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September 23, 2016

Cost Savings for Kidney Patients

A simple change in diet can greatly reduce drug costs in people with kidney disease.

When kidneys become diseased due to high blood pressure, their ability to eliminate acid from the body is reduced. This creates a condition called metabolic acidosis, excessive levels of acid in the blood.

Kidney patients often take medications that contain sodium bicarbonate to neutralize this excess acid, but a new study finds that, for many, there is a much simpler, far less expensive, solution — eating more fruits and vegetables.

Patients who increased their intake of fruits and vegetables not only had lower blood pressure readings, they spent nearly half as much money on blood pressure medication, saving around $80,000 over the five years of the study.

That's because many fruits and vegetables, like potatoes, green beans, apples, spinach and raisins, naturally reduce acid once they are digested. The question is whether diet alone could do enough to neutralize kidney patients' acidosis? A new study suggests that it can.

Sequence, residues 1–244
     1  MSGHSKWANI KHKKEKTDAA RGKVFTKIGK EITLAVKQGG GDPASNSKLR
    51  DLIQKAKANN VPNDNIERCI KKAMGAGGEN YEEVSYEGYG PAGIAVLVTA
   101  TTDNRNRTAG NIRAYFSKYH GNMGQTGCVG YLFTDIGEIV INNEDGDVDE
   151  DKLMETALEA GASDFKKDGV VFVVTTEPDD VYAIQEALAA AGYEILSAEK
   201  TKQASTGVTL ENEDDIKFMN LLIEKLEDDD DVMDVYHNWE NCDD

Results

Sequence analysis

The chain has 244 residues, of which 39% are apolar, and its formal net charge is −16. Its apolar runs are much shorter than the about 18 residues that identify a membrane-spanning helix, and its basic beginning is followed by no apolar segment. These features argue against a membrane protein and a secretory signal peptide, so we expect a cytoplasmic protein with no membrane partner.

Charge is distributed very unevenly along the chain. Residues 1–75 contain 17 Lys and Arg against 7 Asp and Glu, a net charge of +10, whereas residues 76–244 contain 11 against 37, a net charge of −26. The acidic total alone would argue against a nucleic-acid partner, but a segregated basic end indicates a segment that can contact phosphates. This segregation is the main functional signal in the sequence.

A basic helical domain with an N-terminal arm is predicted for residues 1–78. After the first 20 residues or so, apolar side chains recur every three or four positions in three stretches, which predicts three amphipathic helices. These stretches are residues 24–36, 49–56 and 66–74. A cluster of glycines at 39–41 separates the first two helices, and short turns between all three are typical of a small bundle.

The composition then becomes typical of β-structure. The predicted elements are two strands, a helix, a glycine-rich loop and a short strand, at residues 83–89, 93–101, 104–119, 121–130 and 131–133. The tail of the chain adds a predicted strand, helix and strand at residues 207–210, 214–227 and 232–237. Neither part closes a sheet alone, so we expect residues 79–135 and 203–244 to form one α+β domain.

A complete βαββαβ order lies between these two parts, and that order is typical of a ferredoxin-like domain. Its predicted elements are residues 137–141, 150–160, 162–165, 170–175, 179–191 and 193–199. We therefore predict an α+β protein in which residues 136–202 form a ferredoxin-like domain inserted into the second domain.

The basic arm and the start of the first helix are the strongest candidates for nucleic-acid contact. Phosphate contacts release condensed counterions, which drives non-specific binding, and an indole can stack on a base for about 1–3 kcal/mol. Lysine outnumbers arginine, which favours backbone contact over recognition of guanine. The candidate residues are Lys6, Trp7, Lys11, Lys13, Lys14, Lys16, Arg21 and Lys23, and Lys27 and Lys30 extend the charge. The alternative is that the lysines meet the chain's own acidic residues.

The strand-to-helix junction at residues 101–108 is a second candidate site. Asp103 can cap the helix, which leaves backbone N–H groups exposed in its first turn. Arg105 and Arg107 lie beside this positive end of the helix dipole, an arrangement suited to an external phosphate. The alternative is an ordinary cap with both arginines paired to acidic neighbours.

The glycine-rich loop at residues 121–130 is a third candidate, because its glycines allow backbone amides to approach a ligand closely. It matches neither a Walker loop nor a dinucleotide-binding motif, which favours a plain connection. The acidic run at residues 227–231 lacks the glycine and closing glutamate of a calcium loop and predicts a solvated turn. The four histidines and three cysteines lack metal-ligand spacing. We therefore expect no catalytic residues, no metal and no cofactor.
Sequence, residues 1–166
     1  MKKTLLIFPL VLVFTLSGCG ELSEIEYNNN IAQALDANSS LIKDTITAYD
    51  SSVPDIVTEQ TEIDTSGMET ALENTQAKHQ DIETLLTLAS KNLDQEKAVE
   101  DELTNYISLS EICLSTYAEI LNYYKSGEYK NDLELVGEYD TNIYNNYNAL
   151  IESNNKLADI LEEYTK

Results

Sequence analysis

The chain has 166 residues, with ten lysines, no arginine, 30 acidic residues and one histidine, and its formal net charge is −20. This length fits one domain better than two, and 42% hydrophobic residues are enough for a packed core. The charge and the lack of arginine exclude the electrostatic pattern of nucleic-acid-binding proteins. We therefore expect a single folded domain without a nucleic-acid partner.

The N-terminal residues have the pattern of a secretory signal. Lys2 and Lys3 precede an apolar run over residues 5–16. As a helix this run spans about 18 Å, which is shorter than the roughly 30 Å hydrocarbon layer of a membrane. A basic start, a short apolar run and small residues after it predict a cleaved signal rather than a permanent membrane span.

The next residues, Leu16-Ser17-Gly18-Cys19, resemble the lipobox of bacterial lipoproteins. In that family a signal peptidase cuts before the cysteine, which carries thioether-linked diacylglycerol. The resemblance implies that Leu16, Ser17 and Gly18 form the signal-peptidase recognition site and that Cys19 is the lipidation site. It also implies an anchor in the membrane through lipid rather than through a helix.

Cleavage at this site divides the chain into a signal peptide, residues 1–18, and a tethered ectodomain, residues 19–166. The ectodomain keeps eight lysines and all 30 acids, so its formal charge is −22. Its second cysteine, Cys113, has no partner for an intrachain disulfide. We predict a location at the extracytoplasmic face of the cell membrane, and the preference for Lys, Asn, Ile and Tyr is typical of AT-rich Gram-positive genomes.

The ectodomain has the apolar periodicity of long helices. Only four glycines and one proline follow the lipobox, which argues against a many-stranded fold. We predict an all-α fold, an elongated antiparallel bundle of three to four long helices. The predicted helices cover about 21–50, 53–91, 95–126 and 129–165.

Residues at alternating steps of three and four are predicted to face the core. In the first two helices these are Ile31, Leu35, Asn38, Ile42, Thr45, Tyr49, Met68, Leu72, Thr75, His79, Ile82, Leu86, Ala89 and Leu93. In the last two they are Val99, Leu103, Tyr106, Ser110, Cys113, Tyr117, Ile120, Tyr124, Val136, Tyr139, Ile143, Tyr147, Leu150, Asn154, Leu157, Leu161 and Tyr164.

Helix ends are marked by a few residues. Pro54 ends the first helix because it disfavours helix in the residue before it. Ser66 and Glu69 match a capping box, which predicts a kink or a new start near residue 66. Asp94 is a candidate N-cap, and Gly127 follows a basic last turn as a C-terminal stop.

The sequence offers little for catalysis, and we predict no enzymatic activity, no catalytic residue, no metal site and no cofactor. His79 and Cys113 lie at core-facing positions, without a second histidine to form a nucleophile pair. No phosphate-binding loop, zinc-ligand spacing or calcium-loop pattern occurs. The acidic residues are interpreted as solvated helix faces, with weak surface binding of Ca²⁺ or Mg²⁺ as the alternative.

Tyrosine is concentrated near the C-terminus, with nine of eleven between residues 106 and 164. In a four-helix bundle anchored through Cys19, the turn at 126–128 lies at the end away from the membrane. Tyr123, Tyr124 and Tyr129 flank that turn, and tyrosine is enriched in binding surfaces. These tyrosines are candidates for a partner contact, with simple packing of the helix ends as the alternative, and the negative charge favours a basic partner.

The study compared blood pressure control in patients with kidney disease who were treated for acidosis by eating more fruits and vegetables and those who were treated with sodium bicarbonate or received no treatment was presented recently at the American Heart Association’s High Blood Pressure 2016 Scientific Sessions.

Using over 100 kidney patients, researchers randomly divided them into three groups: one ate more fruits and vegetables; another received treatment with sodium bicarbonate; and a third received no treatment at all for acidosis. All were given medications to manage their blood pressure.

After five years, the patients who increased their intake of fruits and vegetables not only had lower systolic blood pressure readings, but they spent nearly half as much money on blood pressure medication, saving around $80,000 over the course of the study, compared to the groups that received treatment with sodium bicarbonate or no treatment.

Many of the study participants lived in neighborhoods with no access to fruits and vegetables, so they were provided to their families.

“It was remarkable that we achieved better blood pressure control using fewer drugs and without forcing people to change their diet completely,” said author, Nimrit Goraya, in a statement. The team was surprised that simply adding three to four daily servings of fruits and vegetables to the diets of the patients in the study was all it took to reduce blood pressure and allow patients to take fewer drugs for their blood pressure, resulting in reduced medical expenses.

Once again, fruits and vegetables to the rescue.
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